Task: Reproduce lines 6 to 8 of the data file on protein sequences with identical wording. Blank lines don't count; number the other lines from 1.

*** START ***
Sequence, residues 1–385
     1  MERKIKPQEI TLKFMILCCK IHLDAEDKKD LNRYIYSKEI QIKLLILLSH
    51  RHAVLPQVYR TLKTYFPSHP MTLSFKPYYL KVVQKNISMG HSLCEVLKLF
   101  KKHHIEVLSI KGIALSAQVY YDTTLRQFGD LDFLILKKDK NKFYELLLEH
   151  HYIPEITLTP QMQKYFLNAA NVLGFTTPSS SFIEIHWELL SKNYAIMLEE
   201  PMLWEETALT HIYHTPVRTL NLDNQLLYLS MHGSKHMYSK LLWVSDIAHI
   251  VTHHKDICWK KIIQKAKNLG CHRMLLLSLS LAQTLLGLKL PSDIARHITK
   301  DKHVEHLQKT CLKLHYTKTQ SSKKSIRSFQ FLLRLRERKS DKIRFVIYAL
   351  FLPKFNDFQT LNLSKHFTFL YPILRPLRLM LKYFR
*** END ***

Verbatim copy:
   201  PMLWEETALT HIYHTPVRTL NLDNQLLYLS MHGSKHMYSK LLWVSDIAHI
   251  VTHHKDICWK KIIQKAKNLG CHRMLLLSLS LAQTLLGLKL PSDIARHITK
   301  DKHVEHLQKT CLKLHYTKTQ SSKKSIRSFQ FLLRLRERKS DKIRFVIYAL